B ^? ?
EES The Waynesville Mountaineer 3=3
JrYiAR NO.W ?M? a25STR=: ? " - C<"""y A' T"' E"?? ? Th. Gre.t Smoky Mountain, N.?oniU P?k *"** "* "*
ha^ nESV1LLK, N. C., THURSDAY AFTERNOON, JUNE 24, 1954 : VA n/> i a j -D ? >
'? In Advance In Haywood and Jackson Countua
tPRESIDENT of the Canton Lions. I>on
n. center, is shown as F. E. Shull, left, re
president, and Ro.v Taylor, past district
?r. of Black Mountain, talked over the In
jn program Tuesday night at Mount Val
ley Inn. Taylor was the speaker, and spoke on
the duties and obligations of an officer of Lions.
Other photo of all officers on page one, second
section. See other picture page i. section 2
Ioted Doctors To Appear
t Medical Meeting Here
wville is preparing to act
tt to doctors from tour
rn states this weekend at
liuuntaintop Medical As
which will convene here
and Saturday. ,
-essions will be held in the
iou.-c. beginning at 8:30 Fri
irr.ing, June 2.i. according to
S Roberson of Ha/elwood.
ar, of the committee. Oth
nbers of the committee are
H Duekett. program chair
mi Dr. Boyd Owen, ar
Innk Hammett is president
Countv Medi tl
and members of the spon- j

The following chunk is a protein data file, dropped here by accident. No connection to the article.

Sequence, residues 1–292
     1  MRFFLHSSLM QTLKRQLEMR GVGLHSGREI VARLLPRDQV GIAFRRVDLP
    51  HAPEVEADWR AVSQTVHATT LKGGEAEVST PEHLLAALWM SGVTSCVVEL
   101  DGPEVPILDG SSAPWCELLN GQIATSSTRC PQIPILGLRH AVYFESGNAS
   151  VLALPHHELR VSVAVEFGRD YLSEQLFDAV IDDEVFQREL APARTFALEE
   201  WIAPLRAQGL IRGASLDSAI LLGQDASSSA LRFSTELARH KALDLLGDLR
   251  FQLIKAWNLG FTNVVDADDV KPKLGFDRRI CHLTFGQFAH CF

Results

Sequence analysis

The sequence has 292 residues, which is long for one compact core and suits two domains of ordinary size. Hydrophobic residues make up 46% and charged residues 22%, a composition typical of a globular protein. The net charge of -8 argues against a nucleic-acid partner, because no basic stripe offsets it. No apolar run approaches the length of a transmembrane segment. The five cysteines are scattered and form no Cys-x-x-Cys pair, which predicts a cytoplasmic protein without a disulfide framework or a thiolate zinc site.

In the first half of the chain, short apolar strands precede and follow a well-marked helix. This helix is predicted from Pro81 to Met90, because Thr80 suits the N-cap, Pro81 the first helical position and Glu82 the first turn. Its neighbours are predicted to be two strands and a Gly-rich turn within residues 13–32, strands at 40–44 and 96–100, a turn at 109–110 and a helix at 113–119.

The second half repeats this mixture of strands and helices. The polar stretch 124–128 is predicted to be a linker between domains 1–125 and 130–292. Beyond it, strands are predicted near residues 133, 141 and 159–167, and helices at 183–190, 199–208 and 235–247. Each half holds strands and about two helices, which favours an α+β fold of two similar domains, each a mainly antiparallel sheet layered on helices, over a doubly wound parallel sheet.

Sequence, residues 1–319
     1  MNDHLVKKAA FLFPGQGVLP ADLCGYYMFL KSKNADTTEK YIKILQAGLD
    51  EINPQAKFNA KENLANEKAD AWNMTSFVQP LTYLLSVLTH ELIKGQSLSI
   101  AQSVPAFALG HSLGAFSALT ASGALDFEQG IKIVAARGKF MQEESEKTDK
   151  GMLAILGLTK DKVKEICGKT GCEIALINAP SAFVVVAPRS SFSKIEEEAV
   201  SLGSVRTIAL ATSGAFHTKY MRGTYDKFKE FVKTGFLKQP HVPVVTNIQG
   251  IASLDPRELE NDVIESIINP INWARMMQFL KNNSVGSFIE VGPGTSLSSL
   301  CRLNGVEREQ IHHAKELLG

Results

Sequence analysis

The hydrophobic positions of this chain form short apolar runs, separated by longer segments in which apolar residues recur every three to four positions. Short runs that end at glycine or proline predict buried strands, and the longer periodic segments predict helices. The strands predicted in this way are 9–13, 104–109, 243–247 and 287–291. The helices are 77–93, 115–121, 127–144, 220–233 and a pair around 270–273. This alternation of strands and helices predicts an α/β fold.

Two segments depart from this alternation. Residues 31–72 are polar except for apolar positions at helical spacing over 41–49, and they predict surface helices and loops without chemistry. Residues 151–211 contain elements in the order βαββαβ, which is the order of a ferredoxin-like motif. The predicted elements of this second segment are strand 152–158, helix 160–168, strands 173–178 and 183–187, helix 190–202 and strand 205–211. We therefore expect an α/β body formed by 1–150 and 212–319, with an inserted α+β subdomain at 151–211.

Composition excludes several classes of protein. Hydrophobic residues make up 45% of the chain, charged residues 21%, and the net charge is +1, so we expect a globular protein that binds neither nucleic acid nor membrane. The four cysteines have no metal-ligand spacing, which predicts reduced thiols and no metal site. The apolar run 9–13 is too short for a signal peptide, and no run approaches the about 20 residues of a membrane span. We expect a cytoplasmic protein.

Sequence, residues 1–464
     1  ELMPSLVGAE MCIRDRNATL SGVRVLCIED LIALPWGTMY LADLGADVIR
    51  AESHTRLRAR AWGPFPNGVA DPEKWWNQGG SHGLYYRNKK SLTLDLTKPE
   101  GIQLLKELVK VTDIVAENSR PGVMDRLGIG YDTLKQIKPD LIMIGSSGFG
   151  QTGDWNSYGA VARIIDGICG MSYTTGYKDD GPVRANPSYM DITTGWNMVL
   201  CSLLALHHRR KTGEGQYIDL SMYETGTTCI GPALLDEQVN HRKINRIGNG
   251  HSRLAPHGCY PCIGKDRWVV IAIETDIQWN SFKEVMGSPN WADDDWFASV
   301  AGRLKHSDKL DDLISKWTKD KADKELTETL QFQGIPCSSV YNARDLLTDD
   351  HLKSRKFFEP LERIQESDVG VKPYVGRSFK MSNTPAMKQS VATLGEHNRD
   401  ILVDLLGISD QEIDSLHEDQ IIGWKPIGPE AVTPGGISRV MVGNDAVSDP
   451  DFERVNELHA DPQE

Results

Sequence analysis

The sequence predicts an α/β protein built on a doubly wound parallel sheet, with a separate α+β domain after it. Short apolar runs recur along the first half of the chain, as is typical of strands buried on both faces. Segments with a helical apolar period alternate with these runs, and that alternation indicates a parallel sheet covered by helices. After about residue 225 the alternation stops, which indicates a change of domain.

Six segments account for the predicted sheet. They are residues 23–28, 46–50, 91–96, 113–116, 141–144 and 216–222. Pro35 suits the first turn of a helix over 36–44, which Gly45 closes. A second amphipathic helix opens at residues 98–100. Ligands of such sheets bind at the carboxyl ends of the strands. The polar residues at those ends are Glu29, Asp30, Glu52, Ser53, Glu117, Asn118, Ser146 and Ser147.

announcement was made
that all offices of doctors
iywood would be closed on
> and Saturday for the con
tn. All emercency calls will
ndled through the Haywood
orally known doctors will be
two-day program, the com
announced. The program is
td to attract doctors from
ca. including North and
Carolina. Georgia and Ten
M. R V; liamson. pastor of
esbyteri.in Church here will
le invocation, and Jonathan
the address of welcome.
Robert K. Dickey, chief of
tpartmeii of Dermatology,
?er Memorial Hospital. Dan
's, will speak on "Dermatol
Manifestations of Internal
?ill be followed by an ad
)n "PI.-tic Surgery in Gen
hctier by Dr. William A.
thief el the division of plas
fft'D. (.race Hospital, De
IScc Doctors?Page 6>
Mounlaineer was one of 13
and semi-weekly news
it tin I". S. mentioned in
* edition of the magazine,
Imerieau Press," on the page
P "Congress Is Quoting
'mesville 1N.C.1 Mountaineer:
i'torial opposing the idea of
ni an admission fee for peo
? enter the Great Smoky
4'ns National Park was en
w the Congressional Record
P. George A. Shuford. 'We
concluded the editorial, 'the
es never see the day of a
seller at her entrances'."
w cloudy and warm today
tuo In temperature Fri
w tdely scattered after-1
*ted by the State Test Farm:
1 Ma*. Mtn. Prec
I- 83 51
P 84 54 ?
* 83 CO ?
Southern Geologists To Do
'Good Turn' For Boy Scouts
Stores To Close
Monday, July 5
Retail stores in Waynesvllle, ;
llazelwood, and Lake Junaluska
will close Mondav, July 5, in